I joined with Pancreatic Cancer UK for Pancreatic Cancer Awareness month, which takes place throughout November, to ensure that people in Delyn know of the facts of pancreatic cancer.
At the event in Parliament, I was informed that, sadly, 102 people in North Wales died of pancreatic cancer in 2015 alone and 142 were diagnosed. Shockingly, a ComRes poll carried out by Pancreatic Cancer UK in 2017 found that 35% of adults in the UK would not be worried if they had a few of the potential symptoms of pancreatic cancer.
Unless action is taken now, pancreatic cancer will become the 4th biggest cancer killer by 2026.
Key information about pancreatic cancer:
• Less than 7% of people with pancreatic cancer will survive beyond 5 years in the UK.
• Five year survival for pancreatic cancer has improved very little since the early 1970’s.
• One person dies of pancreatic cancer every hour. Around 8,800 people die every year of the disease in the UK.
• 80% of people with pancreatic cancer are not diagnosed until the cancer is at an advanced stage.
• Surgery is the only treatment which could save lives, yet only 8% of people with pancreatic cancer have it.
• Around 9,600 people are diagnosed with pancreatic cancer per year in the UK. That’s 26 people every day.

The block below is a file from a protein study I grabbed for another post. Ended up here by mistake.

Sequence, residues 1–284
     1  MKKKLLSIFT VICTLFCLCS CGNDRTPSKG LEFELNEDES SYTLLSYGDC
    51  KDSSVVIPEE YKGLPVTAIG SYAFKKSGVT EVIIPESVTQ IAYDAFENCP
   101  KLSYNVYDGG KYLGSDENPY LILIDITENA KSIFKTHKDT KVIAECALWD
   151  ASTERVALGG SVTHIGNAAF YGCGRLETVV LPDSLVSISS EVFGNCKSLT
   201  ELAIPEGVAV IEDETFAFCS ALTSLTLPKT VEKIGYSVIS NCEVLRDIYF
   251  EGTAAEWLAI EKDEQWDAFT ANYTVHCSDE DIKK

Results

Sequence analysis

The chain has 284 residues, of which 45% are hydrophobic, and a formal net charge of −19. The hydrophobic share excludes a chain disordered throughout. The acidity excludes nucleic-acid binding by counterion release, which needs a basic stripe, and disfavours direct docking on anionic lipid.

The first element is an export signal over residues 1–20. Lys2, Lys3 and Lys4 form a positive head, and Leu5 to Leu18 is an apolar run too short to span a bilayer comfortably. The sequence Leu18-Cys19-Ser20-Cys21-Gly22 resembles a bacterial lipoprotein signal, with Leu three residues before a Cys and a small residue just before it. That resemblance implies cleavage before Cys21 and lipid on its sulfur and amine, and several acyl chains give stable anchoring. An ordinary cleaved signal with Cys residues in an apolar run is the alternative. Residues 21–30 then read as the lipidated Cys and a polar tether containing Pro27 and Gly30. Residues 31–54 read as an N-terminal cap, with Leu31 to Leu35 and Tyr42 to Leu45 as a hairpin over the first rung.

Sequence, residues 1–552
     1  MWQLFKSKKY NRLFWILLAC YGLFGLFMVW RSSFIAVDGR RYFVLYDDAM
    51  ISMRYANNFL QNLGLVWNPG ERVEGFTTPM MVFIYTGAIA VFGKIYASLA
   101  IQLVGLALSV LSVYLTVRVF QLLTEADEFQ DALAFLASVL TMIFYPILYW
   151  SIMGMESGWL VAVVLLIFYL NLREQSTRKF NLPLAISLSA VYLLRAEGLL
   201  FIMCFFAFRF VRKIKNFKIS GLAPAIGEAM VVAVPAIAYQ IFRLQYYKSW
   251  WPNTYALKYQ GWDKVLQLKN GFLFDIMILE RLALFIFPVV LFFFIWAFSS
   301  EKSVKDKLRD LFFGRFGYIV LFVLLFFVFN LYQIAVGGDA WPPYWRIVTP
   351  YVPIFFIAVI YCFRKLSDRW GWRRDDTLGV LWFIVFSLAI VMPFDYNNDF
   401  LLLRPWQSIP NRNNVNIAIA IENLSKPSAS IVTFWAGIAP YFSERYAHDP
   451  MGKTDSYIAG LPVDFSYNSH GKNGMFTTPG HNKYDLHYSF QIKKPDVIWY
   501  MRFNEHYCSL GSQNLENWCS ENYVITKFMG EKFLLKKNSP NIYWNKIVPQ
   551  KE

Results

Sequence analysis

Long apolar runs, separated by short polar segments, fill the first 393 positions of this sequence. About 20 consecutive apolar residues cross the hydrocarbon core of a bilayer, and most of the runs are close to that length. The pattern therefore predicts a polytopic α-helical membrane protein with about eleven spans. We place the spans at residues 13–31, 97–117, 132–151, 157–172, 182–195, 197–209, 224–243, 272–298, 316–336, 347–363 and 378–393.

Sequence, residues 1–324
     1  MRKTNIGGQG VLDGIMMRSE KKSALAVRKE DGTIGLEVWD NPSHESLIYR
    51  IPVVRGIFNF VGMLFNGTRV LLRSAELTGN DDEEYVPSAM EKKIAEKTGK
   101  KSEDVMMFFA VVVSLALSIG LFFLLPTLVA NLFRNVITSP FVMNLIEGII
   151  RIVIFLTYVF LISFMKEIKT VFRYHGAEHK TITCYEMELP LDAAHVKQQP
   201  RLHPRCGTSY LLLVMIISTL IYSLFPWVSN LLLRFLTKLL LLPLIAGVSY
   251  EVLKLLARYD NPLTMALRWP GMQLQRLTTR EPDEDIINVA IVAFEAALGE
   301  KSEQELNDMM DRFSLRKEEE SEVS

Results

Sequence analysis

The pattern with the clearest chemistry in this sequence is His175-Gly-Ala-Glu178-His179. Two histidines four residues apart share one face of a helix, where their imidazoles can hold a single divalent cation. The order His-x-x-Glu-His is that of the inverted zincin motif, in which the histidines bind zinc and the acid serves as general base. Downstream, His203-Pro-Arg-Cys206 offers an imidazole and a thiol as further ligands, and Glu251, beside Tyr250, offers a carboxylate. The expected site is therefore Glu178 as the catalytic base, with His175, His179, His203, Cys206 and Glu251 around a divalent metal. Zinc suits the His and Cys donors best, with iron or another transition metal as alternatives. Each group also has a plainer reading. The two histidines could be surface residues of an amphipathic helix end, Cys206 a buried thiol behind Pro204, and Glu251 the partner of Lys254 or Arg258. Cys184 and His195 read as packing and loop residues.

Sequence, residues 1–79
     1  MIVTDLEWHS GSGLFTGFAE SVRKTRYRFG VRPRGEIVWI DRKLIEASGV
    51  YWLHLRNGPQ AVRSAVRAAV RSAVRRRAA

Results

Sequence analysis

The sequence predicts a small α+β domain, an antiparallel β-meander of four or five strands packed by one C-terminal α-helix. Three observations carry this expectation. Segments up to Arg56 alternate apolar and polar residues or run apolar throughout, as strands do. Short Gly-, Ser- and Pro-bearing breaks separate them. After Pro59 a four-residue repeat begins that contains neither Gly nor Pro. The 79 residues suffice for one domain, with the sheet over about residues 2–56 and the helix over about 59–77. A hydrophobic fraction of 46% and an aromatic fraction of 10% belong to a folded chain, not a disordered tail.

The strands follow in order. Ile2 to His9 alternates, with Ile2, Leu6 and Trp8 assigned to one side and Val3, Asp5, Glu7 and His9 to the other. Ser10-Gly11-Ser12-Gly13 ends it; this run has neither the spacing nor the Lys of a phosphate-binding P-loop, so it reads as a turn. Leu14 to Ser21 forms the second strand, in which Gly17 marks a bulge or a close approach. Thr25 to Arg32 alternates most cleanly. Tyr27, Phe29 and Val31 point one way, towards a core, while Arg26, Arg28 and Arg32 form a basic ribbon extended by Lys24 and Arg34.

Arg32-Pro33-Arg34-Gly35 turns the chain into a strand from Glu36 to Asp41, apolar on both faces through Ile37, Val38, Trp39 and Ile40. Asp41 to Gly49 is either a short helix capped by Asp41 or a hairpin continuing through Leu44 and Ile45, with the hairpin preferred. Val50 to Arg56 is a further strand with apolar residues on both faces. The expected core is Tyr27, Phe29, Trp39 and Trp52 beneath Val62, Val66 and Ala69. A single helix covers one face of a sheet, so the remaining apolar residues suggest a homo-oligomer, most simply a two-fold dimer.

Pancreatic Cancer UK is taking on pancreatic cancer through research, support and campaigning to transform the future for people affected.
It was devastating to learn that 102 people in North Wales lost their lives to pancreatic cancer in 2015. I know that the Welsh Assembly is working hard on its Cancer Delivery Plan to address the challenges we face as our growing and aging population will eventually see 1 in 2 of us developing cancer. They need to be given the help and support they need by the UK Government to ensure that we can reduce the deaths from all cancers.
Working with Pancreatic Cancer UK is important as it ensures that MPs have access to the latest information so that we can better scrutinise the Government on its plans. Over the years I have built up a strong working relationship with most of the UKs cancer charities and it helps us to raise awareness of cancer in Delyn.
If anyone would like to learn more about the work of pancreatic cancer and how they can help people with the disease you can visit www.pancreaticcancer.org.uk.